Northgate Vehicle Hire, the long-term van hire specialist, takes a look at the changing landscape of the delivery sector
In recent news, Arrival announced its partnership with delivery giants, Royal Mail, to trial a fleet of nine British built electric delivery vehicles for one year.
Royal Mail have already taken steps towards introducing all-electric vans to their fleet in July 2017, by purchasing 100 electric vans from Peugeot – but now with their partnership with Arrival, Royal Mail could be set to invest in even more electric vans should the trial be a success.
The UK’s delivery system is huge, and if Royal Mail experiences success with electric vehicles, we could see other delivery companies following suit – especially as the government continue their plans to eliminate the sales of petrol and diesel cars by 2040.
It seems Royal Mail aren’t the only delivery giants looking to do their part in cleaning up air quality – according to the Society of Motor Manufacturers and Traders (SMMT), global delivery giant, UPS have revealed they plan to increase their number of electric trucks by 40 per cent in London alone, following a £3 million investment with UK Power Networks.
Whether it’s letters, groceries or parcels, the delivery system in the UK is a busy business. In 2014, it was reported that parcel couriers had delivered and handled over 1.7 billion parcels domestically in the UK.
In a recent report, it was estimated that DPD averages around 1.6 million parcel deliveries per week. Parcelforce average around 70 million per annum, Yodel 135 million per annum, Hermes 190 million per annum and Royal Mail a huge 826 million parcels per annum.
There is clearly a high demand for the UK’s delivery services – but as Oxford reveals its plan to become the first zero emission city, and other UK cities committing to clean air zones, could our couriers be faced with a big bill if they don’t convert to electric fleets?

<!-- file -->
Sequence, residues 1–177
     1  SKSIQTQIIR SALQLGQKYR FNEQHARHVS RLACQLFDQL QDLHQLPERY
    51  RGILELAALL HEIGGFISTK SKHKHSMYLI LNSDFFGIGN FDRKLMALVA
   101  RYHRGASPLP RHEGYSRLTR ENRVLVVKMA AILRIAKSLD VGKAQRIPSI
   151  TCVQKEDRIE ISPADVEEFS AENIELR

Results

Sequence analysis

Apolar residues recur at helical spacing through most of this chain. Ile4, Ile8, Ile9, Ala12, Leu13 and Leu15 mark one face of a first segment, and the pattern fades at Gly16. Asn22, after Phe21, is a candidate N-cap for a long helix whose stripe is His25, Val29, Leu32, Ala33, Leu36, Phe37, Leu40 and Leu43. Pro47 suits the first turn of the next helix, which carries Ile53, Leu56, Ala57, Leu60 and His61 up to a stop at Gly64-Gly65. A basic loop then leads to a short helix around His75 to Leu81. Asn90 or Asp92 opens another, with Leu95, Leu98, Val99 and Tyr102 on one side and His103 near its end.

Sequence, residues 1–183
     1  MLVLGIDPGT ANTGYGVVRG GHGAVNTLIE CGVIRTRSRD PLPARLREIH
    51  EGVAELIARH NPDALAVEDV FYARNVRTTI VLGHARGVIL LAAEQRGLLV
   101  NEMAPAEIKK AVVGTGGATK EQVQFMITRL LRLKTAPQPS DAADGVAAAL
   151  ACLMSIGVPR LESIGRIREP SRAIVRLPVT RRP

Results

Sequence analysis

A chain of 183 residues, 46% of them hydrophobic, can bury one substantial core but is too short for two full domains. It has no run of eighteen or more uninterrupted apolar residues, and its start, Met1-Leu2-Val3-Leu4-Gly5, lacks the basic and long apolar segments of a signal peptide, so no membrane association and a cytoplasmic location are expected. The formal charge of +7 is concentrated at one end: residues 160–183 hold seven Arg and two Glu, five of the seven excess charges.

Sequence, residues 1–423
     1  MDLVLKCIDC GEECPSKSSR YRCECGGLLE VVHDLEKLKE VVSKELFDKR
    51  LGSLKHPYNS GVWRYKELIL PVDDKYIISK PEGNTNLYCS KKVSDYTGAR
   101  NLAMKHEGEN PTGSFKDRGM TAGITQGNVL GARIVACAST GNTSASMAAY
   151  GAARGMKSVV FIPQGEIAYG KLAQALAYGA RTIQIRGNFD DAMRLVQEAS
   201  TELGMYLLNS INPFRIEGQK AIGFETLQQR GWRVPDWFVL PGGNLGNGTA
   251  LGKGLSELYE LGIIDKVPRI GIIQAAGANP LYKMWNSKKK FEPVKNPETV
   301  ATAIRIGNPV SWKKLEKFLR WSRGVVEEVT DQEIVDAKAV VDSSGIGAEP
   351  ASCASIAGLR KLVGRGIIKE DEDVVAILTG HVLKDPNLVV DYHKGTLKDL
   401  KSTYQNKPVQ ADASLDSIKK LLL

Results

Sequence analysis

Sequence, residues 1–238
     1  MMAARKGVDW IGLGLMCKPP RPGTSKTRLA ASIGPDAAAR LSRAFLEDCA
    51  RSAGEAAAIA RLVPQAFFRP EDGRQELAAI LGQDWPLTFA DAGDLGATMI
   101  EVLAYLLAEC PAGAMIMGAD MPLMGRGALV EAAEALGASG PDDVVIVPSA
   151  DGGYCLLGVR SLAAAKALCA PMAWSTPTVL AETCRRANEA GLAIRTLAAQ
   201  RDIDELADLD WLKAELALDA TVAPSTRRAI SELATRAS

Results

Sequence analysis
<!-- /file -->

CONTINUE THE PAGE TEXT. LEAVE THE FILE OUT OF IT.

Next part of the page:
Royal Mail alone deliver to over 30 million addresses within the UK and their new electric vehicles, that supposedly have a 100 mile range, will be put to the test. Other delivery companies, just like Royal Mail and UPS will have to start introducing electric vehicles into their fleet to continue delivering parcels and mail at the same rate.
With the continuous growth of e-commerce, parcel delivery rate could continue to grow, as could letters etc if businesses are to continue to see the benefits of ‘direct mail’ as an affective form of marketing, and also grocery deliveries.
In 2014/15, 56 per cent of all domestic deliveries were made via next day delivery – the speed of delivery has become increasingly important to consumers, meaning most major delivery companies now offer next day delivery to their customers, and small selection even offer same day.
As demand continues to grow, could companies afford to take the hit having vehicles off the road for so long to charge up?
It’s a case of weighing up the costs between electric vehicles, which could save money in low emission city zones, and contribute to the UK’s air quality clear up, or alternative fuel sources like petrol and diesel. Royal Mail have already trained over 13,500 delivery drivers on fuel efficient driving, whilst they run their year long trial with nine heavy duty all-electric vehicles.
Ocado have also been testing their grocery deliveries via electric vehicles to reduce its carbon footprint too. The company plan to roll out the electric vehicles across the whole of the UK depending on the success of its initial launch in London earlier this year.
With several delivery companies trialling electric delivery fleets, if successful, other major delivery companies will need to implement the same, or similar strategy, to remain in the game.
As we edge closer towards the 2040 government deadline, delivery demand is expected to continue to grow, with 81 per cent of online shoppers preferring to have their items delivered to their home – and many retailers making their transition to the digital world.
If government plans remain, more charging points will become available, manufacturers will continue to design new models which have a longer mile range, and the choice will continue to broaden in the EV market. Delivery companies will have no excuse but to convert.